by Eric Stashin (aka The Rotoprofessor)
We all know that it’s difficult to value Rockies’ pitching prospects, with pitching half their games in Coors Field hanging over them. The team actually has some prospects who look capable of overcoming that, though time will tell. They also have the potential heir apparent to Troy Tulowitzki, as well as a few outfielders who could add to an already wealthy position for the team.
How does it all shake out? Let’s take a look at our current Top 10 rankings:
1) Brendan Rodgers – Shortstop
Grade – A
ETA – 2018
The third overall pick in the 2015 draft, you can argue that he was actually the premier prospect available. In his first taste of professional baseball he hit .273 with 3 HR, 20 RBI and 22 R over 143 AB, adding 8 doubles and 2 triples in the process. There is power in his bat and has the allure of playing in Coors Field in his future.
While he struggled with strikeouts initially (23.3% in Rookie Ball), he didn’t turn 19 until August and is going to need time to adjust. Expectations are that it shouldn’t be an issue and he brings five tool potential to the table. Once he arrives, in a few years, he should emerge as the “new” Troy Tulowitzki, though for now we will have to be patient and allow him to develop.
2) David Dahl – Outfielder
Grade – B+
ETA – 2017
He hit .278 with 6 HR and 22 SB over 288 AB at Double-A last season, missing time after suffering a ruptured spleen in an on-field collision. The power should continue to grow, after posting 41 doubles, 8 triples and 14 HR between two levels of Single-A in ’14 (he had 16 doubles and 3 triples at Double-A last season). The big concern has been his approach at the plate, as the strikeouts have risen with each promotion, while the walks have dropped:
- Single-A (422 PA) – 15.4% // 5.5%
- High-A (125 PA) – 21.6% // 4.0%
- Double-A (302 PA) – 23.8% // 3.6%
With power and speed there’s a lot of potential, but he needs to fine-tune his approach to take advantage of it.
3) Raimel Tapia – Outfielder
Grade – B+
ETA – 2017
He has a ton of athleticism and upside, with 20/20 potential written all over him. While he’s aggressive at the plate, as his 4.0% walk rate at High-A shows, it will be interesting to see if he can continue to make consistent contact (17.7% strikeout rate). If he can, there’s .280+ upside. While he hit “just” 12 HR in 544 AB last season, he added 34 doubles and 9 triples showing that there is some power in his bat. Throw in 26 stolen bases (33 at Single-A in ’14) and the total package is there. While there is a bit of risk, there is also a lot of reward possible.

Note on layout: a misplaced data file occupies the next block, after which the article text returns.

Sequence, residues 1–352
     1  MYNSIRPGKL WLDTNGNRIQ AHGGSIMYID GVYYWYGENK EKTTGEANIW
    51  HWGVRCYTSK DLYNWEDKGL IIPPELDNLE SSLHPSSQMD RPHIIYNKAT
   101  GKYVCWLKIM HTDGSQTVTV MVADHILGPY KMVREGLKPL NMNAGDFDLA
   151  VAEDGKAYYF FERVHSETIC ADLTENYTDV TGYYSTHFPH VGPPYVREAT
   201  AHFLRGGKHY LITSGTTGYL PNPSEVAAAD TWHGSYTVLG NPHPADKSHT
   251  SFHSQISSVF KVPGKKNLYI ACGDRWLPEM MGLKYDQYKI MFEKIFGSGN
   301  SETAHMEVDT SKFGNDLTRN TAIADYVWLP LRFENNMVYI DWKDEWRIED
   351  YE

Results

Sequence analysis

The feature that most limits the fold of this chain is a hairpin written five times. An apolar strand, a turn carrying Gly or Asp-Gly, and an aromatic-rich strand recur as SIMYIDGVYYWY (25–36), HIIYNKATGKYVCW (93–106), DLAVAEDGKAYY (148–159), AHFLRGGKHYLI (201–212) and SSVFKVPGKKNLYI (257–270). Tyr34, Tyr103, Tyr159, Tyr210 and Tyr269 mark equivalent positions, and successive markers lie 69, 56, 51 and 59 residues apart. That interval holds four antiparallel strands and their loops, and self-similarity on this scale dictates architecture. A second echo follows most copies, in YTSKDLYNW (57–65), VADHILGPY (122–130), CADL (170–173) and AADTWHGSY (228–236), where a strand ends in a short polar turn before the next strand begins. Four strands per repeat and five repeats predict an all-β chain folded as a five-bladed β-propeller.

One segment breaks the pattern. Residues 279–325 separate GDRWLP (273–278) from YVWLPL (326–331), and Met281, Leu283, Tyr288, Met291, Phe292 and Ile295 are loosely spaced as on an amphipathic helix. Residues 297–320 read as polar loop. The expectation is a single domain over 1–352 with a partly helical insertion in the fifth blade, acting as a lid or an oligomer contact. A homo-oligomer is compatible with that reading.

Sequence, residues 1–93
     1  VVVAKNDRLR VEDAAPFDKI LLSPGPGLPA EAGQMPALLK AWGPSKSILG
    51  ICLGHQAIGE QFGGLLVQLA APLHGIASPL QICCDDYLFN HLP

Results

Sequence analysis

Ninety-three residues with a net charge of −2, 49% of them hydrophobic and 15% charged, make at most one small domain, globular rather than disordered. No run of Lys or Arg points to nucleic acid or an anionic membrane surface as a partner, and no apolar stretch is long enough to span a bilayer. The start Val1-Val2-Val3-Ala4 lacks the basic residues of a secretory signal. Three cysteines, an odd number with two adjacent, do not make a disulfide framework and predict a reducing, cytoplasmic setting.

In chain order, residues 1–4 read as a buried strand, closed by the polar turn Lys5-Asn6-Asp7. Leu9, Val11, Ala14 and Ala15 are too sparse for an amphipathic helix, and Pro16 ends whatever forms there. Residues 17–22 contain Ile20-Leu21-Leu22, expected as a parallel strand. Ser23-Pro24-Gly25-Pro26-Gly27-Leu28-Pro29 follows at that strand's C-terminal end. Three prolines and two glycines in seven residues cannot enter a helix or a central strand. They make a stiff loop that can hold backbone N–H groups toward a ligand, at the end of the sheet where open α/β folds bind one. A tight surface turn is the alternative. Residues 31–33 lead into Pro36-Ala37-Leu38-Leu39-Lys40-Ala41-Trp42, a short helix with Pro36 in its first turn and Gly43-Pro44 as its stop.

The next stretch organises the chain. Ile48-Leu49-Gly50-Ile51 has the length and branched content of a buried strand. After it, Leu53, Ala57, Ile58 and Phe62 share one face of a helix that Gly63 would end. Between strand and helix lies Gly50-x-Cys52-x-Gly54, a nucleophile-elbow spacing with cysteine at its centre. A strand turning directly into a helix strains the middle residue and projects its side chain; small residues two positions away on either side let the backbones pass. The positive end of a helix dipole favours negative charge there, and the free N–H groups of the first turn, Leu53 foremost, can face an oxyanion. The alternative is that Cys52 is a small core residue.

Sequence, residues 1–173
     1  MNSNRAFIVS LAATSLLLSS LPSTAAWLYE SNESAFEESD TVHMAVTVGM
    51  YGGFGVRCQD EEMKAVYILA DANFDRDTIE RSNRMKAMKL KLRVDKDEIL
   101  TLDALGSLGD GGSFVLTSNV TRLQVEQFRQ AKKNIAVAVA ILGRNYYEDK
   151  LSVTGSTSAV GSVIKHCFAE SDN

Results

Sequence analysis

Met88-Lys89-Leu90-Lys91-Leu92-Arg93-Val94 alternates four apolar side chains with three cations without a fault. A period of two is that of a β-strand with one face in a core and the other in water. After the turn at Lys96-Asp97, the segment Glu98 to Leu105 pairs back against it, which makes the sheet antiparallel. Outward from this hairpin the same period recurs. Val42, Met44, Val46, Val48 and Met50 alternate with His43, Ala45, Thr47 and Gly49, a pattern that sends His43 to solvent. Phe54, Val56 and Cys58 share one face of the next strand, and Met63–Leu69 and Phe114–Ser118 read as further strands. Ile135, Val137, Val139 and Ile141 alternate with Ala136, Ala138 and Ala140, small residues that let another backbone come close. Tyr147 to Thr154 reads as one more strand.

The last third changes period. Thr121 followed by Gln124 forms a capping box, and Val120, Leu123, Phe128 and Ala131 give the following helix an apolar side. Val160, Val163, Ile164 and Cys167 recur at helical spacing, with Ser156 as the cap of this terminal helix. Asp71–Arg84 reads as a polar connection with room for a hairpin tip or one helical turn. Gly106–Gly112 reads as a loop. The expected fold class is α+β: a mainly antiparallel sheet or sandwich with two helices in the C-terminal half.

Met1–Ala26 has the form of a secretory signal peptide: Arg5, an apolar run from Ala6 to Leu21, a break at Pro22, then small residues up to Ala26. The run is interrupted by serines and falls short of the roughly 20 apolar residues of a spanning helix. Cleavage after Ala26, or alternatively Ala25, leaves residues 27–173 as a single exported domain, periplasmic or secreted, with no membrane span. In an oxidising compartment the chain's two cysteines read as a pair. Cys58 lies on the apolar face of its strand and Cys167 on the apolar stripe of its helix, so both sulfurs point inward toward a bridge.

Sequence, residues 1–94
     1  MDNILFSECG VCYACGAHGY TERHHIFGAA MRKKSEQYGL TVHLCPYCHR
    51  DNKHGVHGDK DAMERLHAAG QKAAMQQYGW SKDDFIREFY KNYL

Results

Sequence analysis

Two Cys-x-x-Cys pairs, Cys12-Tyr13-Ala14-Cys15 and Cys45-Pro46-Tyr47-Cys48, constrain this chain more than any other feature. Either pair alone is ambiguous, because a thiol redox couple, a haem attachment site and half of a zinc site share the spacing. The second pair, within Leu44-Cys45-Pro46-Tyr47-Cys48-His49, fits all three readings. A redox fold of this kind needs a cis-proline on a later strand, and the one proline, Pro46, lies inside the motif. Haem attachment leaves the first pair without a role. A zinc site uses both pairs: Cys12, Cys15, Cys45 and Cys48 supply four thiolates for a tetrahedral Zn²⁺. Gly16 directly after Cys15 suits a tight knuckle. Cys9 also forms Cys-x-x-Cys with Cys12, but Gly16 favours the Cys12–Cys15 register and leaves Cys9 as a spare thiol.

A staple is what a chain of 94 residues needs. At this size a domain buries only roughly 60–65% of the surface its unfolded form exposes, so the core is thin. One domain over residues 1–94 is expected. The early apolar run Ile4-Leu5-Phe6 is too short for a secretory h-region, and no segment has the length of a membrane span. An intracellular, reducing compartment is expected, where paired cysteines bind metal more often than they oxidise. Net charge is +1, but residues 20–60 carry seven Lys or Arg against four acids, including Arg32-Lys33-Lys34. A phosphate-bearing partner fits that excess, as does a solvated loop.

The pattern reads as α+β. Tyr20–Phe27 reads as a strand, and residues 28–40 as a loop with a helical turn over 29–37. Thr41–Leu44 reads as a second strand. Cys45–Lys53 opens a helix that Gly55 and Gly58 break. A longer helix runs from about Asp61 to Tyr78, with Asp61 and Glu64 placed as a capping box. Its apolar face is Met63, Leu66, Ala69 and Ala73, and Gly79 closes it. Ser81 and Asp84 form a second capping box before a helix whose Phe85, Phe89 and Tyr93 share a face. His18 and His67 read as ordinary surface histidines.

4) Jeff Hoffman – Right-Handed Pitcher
Grade – B+
ETA – 2016/2017
Acquired from the Blue Jays as part of the Troy Tulowitzki trade, Hoffman had a strong showing as he returned from Tommy John surgery. Over 104.0 IP he posted a 2.3 BB/9 and 1.37 GO/AO. While the strikeouts weren’t there, 6.5 K/9, the stuff is better than that. He has the prototypical size teams look for, at 6’5” and 225 lbs., and could emerge as a top-of-the-rotation arm. He may have gone earlier in the draft had it not been for the injury, though the fact that the Blue Jays were still willing to use the ninth overall selection on him speaks volumes about his potential.
5) Jon Gray – Right-Handed Pitcher
Grade – B+ (borderline B)
ETA – Already Arrived
You could argue that Gray is a better prospect than Hoffman, but his lack of groundballs and pitching in Coors Field is a bit of a concern. At Triple-A last season he posted a 0.97 GO/AO (0.85 in his minor league career) and he posted just a 43.2% groundball rate in the Majors. It was only 40.2 IP in the Majors, but he was also hit hard (24.0%). Sure there was some poor luck (.384 BABIP, 67.3% strand rate), and he showed strikeouts (8.85 K/9), but there is reason to be skeptical. Of course you can say that about any pitcher in Coors Field…
6) Forrest Wall – Second Baseman
7) Mike Nikorak – Right-Handed Pitcher
8) Trevor Story – Shortstop
9) Ryan McMahon – Third Baseman
10) Antonio Senzatela – Right-Handed Pitcher
(Note – He showed the full array of skills we look for from a pitcher, especially one who could call Coors Field home, with an 8.36 K/9, 1.93 BB/9 and 1.12 GO/AO pitching as a 20-year old. It was a jump in strikeouts, but he owns a career 2.0 BB/9 and 1.26 GO/AO and could start to garner more attention quickly.)
Just Missed – Tom Murphy (C)
Sources – MILB.com, Fangraphs, Baseball Reference
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Grading System (still in development):
Grade A – Elite Prospects (aka potential future perennial All-Stars)
Grade B – Above Average Prospects (aka above average Major Leaguers, could develop into a potential All-Star)
Grade C – Average Prospects (aka solid, though unspectacular)
Grade D – Nothing More Than Roster Filler
Grade F – Move On
Make sure to check out all of our Top 10 Prospect Lists: